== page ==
European Chess Championship – history, facts, heroes
European Chess Championship – an international tournament held by the European Chess Union. The first championship was held in 2000, and is now held annually. In addition to the fact that European champions in the absolute and women’s categories are determined at the tournament, another specificity of this tournament is the determination of players applying for participation in the World Chess Championship and the Women’s World Chess Championship.
Unofficially, the first European Championship was held in Munich in September 1942. The organization of this tournament was handled by the Erhardt Post, who at that time held the post of president of the German Chess Union. But because of the events of World War II, chess players from countries fighting with Germany were unable to take part in the tournament.
This tournament has never been officially recognized as a championship, as it was held as propaganda of the Nazi regime.
The winner of this tournament, with a score of 8.5 points out of a possible 11, was world champion Alexander Alekhine, who at that time was the representative of France.
The participation of Alekhine, Keres, Bogolyubov, Stolz Junge made the tournament in Munich the strongest in 1942.
The tournament is held separately in the male and female categories according to the Swiss system with a different number of rounds. The only exception was the first championship in the women’s championship, which was held as a tournament right through.
As in other chess competitions, the male section is an open tournament in which players of both sexes can participate, and only female players can participate in the female section.
In 2002, Judit Polgar was one step away from third place in the men’s championship, but lost the bronze medal, losing in the match with Zurab Azmaiparashvili. In 2011, Polgar managed to get a bronze medal in the absolute championship in the championship, which was held in Aix-les-Bains in France.
Since the European Chess Championships are part of the World Championship of the International Chess Federation, starting in 2001, they used the new fast FIDE time control. As a result of this, many participants complained of increased stress during the game due to lack of time, as well as a significant decrease in the quality of games. Also at the tournaments there were complaints from participants and journalists about the low standards of accommodation and food in official hotels, which were selected by local organizers for the championships.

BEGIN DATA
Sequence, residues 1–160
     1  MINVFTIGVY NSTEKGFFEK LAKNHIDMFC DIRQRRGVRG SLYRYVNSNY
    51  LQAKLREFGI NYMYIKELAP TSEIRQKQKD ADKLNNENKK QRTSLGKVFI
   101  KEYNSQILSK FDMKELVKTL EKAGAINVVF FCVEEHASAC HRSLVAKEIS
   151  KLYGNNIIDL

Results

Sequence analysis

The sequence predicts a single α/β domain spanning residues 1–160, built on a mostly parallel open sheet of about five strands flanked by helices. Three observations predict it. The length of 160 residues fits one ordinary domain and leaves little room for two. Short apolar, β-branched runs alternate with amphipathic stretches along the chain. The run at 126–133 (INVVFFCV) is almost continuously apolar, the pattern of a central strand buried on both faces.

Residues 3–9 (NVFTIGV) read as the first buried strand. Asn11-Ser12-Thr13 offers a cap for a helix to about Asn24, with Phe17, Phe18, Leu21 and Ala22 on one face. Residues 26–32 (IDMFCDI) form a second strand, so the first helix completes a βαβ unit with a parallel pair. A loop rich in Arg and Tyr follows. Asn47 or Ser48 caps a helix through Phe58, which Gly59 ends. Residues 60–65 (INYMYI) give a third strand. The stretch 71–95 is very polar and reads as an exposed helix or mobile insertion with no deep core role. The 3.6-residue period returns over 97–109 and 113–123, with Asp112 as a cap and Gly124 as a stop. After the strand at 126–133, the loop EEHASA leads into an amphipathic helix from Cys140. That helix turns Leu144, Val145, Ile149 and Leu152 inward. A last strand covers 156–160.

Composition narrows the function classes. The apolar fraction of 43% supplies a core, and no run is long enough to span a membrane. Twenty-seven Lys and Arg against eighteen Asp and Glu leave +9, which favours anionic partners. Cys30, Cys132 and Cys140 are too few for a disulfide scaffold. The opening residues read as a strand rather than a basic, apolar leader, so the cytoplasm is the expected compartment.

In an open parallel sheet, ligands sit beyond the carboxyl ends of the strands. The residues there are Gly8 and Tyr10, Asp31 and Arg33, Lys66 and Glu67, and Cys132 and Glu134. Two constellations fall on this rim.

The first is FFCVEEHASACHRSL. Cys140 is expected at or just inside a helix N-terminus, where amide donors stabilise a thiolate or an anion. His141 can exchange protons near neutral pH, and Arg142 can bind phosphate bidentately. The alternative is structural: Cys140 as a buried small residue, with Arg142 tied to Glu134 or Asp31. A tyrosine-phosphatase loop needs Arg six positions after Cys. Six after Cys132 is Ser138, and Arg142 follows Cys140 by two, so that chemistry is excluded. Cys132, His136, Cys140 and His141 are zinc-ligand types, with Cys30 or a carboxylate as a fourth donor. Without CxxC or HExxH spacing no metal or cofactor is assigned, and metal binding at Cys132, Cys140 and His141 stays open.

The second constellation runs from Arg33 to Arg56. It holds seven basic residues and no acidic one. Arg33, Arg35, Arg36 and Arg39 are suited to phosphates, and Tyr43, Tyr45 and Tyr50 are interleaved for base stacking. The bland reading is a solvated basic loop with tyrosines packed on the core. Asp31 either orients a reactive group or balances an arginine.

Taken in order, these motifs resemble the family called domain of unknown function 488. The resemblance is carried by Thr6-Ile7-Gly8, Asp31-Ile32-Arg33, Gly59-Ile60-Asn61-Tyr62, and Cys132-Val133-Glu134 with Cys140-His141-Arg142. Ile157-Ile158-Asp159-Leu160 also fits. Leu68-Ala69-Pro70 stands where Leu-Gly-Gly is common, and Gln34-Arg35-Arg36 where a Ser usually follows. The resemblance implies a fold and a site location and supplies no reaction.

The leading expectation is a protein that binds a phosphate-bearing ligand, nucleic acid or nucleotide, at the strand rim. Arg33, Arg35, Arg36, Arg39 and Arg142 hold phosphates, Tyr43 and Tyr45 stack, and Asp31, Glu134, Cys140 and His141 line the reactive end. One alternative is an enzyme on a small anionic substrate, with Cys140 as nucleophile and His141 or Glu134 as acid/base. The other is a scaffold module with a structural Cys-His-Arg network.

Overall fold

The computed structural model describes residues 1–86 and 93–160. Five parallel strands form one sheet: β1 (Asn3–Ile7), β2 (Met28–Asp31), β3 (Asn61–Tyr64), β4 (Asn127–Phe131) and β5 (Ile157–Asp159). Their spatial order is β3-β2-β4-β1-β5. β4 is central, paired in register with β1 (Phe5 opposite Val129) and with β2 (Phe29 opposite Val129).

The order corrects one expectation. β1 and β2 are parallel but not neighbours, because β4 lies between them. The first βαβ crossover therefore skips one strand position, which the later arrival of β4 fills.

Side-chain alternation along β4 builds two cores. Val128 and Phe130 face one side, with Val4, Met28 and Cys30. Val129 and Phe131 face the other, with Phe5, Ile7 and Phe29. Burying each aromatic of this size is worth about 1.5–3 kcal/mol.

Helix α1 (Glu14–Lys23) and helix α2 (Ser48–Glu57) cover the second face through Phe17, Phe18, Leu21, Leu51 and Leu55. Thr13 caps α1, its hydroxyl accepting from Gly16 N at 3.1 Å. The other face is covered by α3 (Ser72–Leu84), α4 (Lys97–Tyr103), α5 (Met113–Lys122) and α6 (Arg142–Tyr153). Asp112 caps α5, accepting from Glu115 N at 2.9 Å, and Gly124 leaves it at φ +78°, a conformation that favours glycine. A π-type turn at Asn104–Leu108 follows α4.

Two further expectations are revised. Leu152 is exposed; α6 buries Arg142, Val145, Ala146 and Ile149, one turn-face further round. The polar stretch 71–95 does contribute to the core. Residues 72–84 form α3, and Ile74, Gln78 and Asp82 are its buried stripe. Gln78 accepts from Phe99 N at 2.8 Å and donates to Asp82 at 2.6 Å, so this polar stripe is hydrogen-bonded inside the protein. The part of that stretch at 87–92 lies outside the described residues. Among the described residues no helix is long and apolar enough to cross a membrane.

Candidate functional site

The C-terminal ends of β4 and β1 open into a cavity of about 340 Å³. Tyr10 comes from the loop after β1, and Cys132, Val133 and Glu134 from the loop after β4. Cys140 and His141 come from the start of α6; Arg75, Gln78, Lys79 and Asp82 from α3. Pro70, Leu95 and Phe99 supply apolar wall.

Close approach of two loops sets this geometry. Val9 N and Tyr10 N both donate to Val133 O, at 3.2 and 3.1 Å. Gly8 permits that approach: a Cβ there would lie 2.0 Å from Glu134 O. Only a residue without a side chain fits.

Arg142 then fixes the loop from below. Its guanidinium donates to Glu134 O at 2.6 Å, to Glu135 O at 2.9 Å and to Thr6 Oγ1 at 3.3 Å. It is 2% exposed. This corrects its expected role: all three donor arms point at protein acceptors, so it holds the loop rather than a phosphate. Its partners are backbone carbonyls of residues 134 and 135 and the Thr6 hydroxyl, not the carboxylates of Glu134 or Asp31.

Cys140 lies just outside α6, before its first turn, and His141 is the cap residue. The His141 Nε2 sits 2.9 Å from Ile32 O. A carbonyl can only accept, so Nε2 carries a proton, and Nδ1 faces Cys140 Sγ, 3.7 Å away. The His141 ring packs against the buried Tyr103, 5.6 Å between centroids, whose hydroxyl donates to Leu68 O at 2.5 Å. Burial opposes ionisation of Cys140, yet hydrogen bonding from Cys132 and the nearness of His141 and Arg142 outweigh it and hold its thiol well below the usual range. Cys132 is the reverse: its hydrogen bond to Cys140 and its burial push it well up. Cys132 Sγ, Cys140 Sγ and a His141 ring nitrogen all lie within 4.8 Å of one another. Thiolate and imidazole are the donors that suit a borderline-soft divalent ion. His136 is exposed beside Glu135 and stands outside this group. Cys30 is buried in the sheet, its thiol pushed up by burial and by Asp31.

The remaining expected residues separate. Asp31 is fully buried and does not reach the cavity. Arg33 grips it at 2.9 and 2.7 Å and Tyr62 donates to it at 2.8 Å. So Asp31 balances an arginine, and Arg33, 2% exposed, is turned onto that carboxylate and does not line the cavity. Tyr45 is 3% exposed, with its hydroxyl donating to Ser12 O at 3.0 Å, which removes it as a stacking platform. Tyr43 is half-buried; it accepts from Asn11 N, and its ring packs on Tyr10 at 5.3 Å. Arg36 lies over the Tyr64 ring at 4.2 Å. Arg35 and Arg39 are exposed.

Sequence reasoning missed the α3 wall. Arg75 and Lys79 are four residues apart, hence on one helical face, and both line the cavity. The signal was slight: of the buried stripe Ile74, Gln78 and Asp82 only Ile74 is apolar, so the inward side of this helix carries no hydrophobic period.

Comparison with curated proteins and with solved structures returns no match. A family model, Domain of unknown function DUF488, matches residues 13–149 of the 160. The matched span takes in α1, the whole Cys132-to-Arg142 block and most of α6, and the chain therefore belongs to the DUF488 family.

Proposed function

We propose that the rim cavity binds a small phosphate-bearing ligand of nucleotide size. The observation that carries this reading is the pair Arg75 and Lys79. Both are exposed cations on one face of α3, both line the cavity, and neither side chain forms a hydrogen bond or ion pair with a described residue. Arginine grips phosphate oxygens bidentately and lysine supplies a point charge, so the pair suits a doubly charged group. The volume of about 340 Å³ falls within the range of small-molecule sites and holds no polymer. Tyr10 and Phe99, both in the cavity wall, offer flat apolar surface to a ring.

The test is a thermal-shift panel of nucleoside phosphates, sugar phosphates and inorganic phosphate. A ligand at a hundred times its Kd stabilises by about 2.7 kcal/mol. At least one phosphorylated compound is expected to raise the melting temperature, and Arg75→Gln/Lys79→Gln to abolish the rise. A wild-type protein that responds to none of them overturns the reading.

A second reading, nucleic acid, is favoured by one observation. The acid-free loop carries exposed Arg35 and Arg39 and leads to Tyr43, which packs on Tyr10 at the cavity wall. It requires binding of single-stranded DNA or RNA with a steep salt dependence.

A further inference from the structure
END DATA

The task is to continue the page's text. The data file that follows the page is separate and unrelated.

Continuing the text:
Another problem of the European Chess Championship was the uncertainty regarding qualifications for the World Chess Championship, since it was not clear whether winning the European Championship had any value for the World Cup. For example, the 2002 European champions received 5 qualification places for the 2003 World Cup, which was simply not held.
European Chess Championship 2017
In 2017, the European Chess Championship was held in Minsk. The chess player from Russia Maxim Matlakov won the match. In total, 400 chess players representing 38 countries took part in the tournament.
In the 11th final tournament, during a game with a chess player from Georgia, Baadur Jobava, Matlakov managed to reduce the game to a draw. Before the start of the confrontation, both chess players had an equal number of points, but Matlakov pulled himself out to leadership positions in additional indicators. With a draw in the final round, the Russian managed to get the champion title, having an asset of 8.5 points. The third place was also managed to get the Russian Vladimir Fedoseyev.
Women’s European Chess Championship 2017
The 18th European Women’s Chess Championship was held in Latvia in April 2017. The right to hold this event was assigned to the Latvian Chess Federation in September 2016 during the General Assembly of the European Chess Union, which was held during the chess Olympiad in Baku.
The Radisson Blu Hotel in the central part of Riga was chosen as the venue for the championship.
The championship was held according to the Swiss system. A total of 11 rounds were held, time control was carried out for each player. 90 minutes were allocated for the first 40 moves, and then for the remainder of the game – another 30 minutes plus 30 seconds for each move.
The total prize pool of the tournament was 70 thousand euros. The distribution of cash prizes took place between the first 20 participants:
1st place – 12 thousand euros;
2nd place – 10 thousand euros;
3rd place – 8 thousand euros;
4-20 places – 1 thousand euros.
The participants, who took 14 first places in the standings, received qualification places for the next women’s world chess championship.
The total number of participants was 144 people, they represented 33 European countries.
In the decisive 11th round, a Georgian chess player Nana Dzagnidze was able to draw a draw in a game with Natalia Pogonina. With a score of 8.5 points, Dzagnidze won the European Championship.